However, there is another time scale to consider: the short-term time scale in which we write up a single feature. Most game programming is in some way experimental; any feature that is fully understood is probably obsolete in our fast-moving industry. Thus, we spend a lot of time inventing wheels. You can’t plan such code in advance; you just have to wade in and hack until you figure it out. The conclusion I came to is this: hack first, then recode it right.
So we get opposite recommendations for different time scales. For the long time scale, structure, then hack; for the short time scale, hack, then structure. If you think of this as a religious issue, I think you’ll find my solution very Eastern.
Lesson #3: Don’t be seduced by the cleverness of your own ideas.
This was the single biggest mistake I made with Patton Strikes Back. I came up with a truly clever idea: a large-scale scrolling tactical map in which unit sizes would be indicative of unit strengths. Now, this is indeed a damn good idea, and I was justifiably proud of it. But it caused too many problems. The IBM PC translation just couldn’t be done. The tactical map turned out to be clumsy to use. Most players eschewed it. I should have had the courage to dump a clever idea that, in the final analysis, created more problems than it solved. I didn’t, and the game suffered for it.
Lesson #4: Bake the cake first, then add the icing
Publishers sell games in the same way that bakers sell cake. The customer doesn’t taste the cake until he gets it home; all he sees in the store is the icing. So bakers don’t sell cake; they sell icing. In the same way, most publishers don’t give a damn about gameplay (cake); all they care about are the graphics and sound (icing). So when you show off your game to a prospective publisher, he won’t ask about the gameplay, he’ll want to know about the icing. Eager to make the sale, you’ll get sucked into a lengthy discussion of the finer points of icing, and end up making lots of promises to go home and improve the icing before the publisher makes a commitment to the product.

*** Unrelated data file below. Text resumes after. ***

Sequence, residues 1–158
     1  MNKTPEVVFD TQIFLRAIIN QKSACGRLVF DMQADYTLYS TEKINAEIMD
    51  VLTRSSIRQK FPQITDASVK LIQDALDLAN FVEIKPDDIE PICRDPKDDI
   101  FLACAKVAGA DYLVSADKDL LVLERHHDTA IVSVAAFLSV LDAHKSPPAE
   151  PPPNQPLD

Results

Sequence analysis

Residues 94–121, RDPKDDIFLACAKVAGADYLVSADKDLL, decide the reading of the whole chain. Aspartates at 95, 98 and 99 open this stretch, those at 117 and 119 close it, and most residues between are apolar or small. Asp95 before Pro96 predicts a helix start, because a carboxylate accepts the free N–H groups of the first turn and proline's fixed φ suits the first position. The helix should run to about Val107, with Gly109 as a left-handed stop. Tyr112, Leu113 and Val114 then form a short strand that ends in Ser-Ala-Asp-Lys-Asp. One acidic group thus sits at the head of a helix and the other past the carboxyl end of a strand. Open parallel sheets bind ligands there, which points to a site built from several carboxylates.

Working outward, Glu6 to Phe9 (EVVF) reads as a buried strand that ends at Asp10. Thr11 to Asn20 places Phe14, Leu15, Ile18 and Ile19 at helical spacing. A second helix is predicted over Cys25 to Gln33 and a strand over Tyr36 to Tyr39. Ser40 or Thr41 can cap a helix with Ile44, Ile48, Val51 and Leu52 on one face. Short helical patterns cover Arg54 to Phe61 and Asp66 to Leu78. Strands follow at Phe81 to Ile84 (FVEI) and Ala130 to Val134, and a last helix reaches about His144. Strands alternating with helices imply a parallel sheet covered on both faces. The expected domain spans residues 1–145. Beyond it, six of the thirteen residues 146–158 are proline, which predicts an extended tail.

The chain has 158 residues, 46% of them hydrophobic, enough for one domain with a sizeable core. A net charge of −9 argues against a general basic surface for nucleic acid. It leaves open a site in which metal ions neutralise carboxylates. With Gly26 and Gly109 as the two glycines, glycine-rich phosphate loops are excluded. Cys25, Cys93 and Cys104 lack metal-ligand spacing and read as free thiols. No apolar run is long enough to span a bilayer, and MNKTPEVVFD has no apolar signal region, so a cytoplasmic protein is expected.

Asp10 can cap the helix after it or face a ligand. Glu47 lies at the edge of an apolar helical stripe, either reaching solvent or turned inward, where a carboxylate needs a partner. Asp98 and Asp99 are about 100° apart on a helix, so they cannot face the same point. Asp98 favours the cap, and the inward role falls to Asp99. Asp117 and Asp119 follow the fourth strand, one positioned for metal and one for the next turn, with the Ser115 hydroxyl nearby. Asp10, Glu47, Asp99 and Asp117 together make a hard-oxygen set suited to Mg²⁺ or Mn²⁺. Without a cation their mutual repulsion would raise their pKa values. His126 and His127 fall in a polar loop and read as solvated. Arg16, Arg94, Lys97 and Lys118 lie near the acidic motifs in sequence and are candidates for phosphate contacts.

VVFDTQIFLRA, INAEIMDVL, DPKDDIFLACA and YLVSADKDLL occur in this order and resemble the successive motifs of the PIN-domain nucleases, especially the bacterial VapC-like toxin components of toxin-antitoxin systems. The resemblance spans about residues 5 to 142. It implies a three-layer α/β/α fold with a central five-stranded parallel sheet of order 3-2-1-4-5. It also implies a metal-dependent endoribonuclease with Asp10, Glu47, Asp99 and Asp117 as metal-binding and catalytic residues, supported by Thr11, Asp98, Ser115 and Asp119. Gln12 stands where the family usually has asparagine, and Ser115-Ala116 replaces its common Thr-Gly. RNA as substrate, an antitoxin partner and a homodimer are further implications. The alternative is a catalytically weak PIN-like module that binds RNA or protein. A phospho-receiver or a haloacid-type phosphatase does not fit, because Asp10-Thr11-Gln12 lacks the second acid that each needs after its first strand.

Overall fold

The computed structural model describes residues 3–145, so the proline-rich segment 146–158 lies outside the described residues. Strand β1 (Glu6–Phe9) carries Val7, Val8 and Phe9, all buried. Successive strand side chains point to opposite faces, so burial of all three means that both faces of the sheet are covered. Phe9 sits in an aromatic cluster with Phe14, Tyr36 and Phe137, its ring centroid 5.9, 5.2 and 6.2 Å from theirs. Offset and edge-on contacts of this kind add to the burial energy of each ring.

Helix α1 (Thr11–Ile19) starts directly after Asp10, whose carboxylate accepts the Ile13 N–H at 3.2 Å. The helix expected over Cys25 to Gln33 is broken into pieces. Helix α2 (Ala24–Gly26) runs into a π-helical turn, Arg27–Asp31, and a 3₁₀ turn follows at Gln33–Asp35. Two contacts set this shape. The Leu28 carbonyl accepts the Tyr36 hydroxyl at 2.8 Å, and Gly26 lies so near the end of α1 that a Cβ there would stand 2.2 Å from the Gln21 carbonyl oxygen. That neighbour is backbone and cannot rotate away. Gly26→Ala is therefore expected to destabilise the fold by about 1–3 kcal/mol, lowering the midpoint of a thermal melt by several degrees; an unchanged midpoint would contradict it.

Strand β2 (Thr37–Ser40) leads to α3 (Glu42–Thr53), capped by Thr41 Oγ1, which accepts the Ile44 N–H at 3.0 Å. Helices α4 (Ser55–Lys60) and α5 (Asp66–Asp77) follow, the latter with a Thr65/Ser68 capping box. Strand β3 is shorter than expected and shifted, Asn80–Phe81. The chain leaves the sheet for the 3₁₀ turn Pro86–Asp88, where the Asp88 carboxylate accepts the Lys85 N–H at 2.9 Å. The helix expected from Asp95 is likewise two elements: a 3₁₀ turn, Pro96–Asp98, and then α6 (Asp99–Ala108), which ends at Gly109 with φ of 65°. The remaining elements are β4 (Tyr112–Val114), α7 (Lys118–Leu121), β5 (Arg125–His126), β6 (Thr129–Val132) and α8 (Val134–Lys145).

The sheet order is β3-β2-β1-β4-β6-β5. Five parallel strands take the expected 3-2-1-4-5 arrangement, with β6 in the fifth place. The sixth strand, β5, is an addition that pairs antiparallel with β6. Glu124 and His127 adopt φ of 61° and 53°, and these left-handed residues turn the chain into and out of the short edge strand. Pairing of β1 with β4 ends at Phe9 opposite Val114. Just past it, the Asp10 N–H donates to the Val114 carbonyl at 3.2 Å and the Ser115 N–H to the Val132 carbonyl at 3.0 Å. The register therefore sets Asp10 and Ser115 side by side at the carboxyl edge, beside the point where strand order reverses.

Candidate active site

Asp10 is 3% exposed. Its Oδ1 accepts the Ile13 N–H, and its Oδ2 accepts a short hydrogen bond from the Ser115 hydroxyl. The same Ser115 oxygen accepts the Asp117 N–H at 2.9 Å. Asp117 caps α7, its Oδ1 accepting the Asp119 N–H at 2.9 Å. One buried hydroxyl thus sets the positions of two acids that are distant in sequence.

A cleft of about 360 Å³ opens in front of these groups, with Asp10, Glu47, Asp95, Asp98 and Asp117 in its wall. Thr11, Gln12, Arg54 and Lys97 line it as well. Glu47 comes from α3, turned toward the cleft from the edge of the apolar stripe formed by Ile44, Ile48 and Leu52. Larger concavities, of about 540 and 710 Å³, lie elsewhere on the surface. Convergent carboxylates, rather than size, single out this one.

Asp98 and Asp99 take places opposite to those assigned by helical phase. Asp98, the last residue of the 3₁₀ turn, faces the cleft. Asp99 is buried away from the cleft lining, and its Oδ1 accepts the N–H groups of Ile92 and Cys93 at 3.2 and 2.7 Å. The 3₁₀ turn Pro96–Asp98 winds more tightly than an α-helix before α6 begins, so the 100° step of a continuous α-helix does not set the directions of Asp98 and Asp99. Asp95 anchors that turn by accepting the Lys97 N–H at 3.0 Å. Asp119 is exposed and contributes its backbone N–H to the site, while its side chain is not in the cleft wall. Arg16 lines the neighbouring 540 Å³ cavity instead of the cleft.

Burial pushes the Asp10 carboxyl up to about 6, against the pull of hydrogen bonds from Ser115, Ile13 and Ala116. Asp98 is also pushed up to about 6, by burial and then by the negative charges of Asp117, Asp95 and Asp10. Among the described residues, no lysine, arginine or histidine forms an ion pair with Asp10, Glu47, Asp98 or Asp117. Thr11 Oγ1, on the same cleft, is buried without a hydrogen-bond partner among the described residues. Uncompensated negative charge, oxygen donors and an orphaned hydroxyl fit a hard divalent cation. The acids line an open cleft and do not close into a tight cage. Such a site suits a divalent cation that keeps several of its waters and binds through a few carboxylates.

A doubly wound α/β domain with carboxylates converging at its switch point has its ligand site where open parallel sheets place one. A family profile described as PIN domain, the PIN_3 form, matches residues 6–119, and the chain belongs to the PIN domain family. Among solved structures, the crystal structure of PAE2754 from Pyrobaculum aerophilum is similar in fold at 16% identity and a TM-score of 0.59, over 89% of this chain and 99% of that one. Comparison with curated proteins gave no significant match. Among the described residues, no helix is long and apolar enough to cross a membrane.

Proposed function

Of course, once you’ve got the contract, things don’t change; the publisher will continue to decry the many cosmetic deficiencies in the product, so you’ll spend all your time beefing up the icing, adding more curlicues and multicolor roses and three-color borders. You tell yourself that you’ll get to the gameplay sometime soon, but the demands from the publisher never stop, and you never get time to bake the cake. You’ll end up with a beautiful mound of icing with no cake inside -- which is in fact the way most games ship.
With Patton Strikes Back, I baked the cake before I even showed it to any publisher. I designed and developed the game first. I finished all the basic game structures, wrote and tuned the artificial intelligence, even got much of the play balance worked out. Only then did I show it to publishers. Guess what they wanted? More icing! At that point, it was easy. Having finished the cake, it was easy to pile the icing on. I added Multimedia Newsreels with Actual Combat Footage and Realistic Digitized Combat Sounds wowie-zowie! I added personal anecdotes with Actual Digitized Photographs. It was easy. It was mindless. And it made the publisher so happy.
It’s a lot easier to bake the cake and then add the icing than the other way around. Ever tried to slip a cake under a pile of icing?
Lesson #5: There ain’t no rest of us
The game was released to the world in December of 1991. It received excellent reviews. Indeed, I have yet to encounter a single negative or even lukewarm review. Unfortunately, it has not sold well. I have broken even on my out-of-pocket costs, not much more. It would seem that "the rest of us" aren’t buying computer wargames. The aficionados certainly hated it. "Too easy to beat," they sniffed. "Only good for a few dozen hours of play." Without the support of the aficionados, the game withered. It’s still on the shelves, largely because of continuing favorable reviews and a steep price reduction. But I will never make a significant income from the game. Lesson #5 is, I think, the most important lesson to learn from Patton Strikes Back.